4.   Public health issues have a way of making us recognize how interwoven our lives are with others in society. It can help us realize who we may often choose not to see or connect with. Is there a person or group of people especially affected by COVID-19 that you don’t often choose to see or connect with normally? What connections to others are you becoming more aware of? Who do you normally choose to reach out and connect to? Who do you avoid or refuse to see? If you can, picture the faces of these people. What connections do you take for granted in your life? What connections impact you the most?

5.   Note the emotions you feel when you think of these individuals without judging or overanalyzing. Simply acknowledge them, pay attention, and listen to where God may be speaking.

6.   As you think of the ways we are connected or disconnected to one another, pick a connection (or lack thereof) that seems important, significant, or is manifesting itself the strongest. Pause and reflect on where you’re being invited to grow from that moment. If you are a person of faith, take a moment to pray with it.

7.   God gifted us with limitless creativity and imagination. Even in this time of separation and possible isolation, what is one way you can maintain meaningful connection to others—whether directly, through technology, or intentional focus and attention?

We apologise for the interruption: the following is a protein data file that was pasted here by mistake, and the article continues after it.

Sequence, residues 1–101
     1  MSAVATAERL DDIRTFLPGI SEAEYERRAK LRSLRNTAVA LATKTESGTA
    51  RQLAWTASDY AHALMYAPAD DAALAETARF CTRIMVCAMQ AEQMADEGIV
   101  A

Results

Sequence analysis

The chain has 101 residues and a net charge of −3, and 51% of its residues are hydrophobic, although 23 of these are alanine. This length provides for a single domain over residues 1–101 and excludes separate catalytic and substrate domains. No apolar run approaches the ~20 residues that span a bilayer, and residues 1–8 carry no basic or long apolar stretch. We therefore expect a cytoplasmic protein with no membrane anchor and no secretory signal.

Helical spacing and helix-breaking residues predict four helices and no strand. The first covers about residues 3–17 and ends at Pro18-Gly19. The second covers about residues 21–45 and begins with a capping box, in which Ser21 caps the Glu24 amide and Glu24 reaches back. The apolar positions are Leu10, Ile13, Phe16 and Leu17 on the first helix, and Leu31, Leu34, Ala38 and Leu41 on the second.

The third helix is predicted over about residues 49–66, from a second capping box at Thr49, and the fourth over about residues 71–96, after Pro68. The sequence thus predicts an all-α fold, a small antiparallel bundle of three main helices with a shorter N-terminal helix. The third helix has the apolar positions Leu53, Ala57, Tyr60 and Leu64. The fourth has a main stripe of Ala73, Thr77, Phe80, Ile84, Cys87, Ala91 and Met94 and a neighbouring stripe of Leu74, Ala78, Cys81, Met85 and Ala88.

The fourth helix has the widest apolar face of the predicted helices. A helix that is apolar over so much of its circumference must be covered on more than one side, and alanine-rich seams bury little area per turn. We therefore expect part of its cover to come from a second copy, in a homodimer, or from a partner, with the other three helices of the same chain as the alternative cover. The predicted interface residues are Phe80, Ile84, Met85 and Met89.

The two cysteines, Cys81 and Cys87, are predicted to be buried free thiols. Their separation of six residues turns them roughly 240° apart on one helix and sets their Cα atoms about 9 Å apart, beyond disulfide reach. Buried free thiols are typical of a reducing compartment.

Take a deep breath and moment of quiet. When you are ready, return to your day. 

- By Susan Haarman, Loyola University Chicago 

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Prayer in a Time of Anxiety

It seems that I return to you most easily when I need comfort, O God.
Hello… here I am again, knowing that you are waiting for me with love and warming light.
In the shadow of your wings I find respite and relief that feeds my innermost self and renews my soul. Day and night, you are my refuge.

These uncertain days of news conferences and quarantines tempt me to assume the worst for my loved ones, myself and my community. “Pandemic” is a frightening word, and I can easily feel confused or helpless to respond. Now I am relying on you to lead and guide me, to put my anxiety in its place. Help me see it as a human response that keeps me conscious of the seriousness of this moment, but do not let it overwhelm my spirit. Buoyed by your love, I choose each day to let peace reign in me. Breathing deeply of your calm, I repeat, again and again, “You are here.”

Good and gracious Companion, my family and friends need tranquility and assurance. Help me to offer them your tenderness. Those in my community who are suffering need care. Help me to be generous and to keep contact with the forgotten. Our world calls for cooperation among national leaders, scientists, health care providers, and all who are instrumental in overcoming this crisis. May my prayers and support be with them all.

I have come back to you, and I will return, knowing that your open arms will never fail. God of hope, may your love blanket the earth, as you teach us to live more generously today than yesterday. May my anxiety be transformed into love.

- Author requested to remain anonymous

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Prayer for a Pandemic